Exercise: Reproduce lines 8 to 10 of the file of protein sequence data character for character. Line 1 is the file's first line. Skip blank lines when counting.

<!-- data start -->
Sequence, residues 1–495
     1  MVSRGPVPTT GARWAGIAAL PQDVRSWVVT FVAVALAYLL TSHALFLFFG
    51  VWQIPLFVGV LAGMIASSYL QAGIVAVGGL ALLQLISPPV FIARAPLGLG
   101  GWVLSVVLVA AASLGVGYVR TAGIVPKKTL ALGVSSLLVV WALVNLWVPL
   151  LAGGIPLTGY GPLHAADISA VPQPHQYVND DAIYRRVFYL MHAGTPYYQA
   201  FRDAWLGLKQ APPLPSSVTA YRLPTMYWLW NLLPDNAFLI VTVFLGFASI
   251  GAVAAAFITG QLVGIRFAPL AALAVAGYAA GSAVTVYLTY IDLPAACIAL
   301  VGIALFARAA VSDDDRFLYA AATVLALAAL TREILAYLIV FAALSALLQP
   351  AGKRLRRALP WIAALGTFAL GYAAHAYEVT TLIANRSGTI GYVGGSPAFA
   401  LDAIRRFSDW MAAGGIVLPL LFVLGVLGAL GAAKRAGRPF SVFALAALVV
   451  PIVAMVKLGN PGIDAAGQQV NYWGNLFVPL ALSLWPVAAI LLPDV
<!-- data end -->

   301  VGIALFARAA VSDDDRFLYA AATVLALAAL TREILAYLIV FAALSALLQP
   351  AGKRLRRALP WIAALGTFAL GYAAHAYEVT TLIANRSGTI GYVGGSPAFA
   401  LDAIRRFSDW MAAGGIVLPL LFVLGVLGAL GAAKRAGRPF SVFALAALVV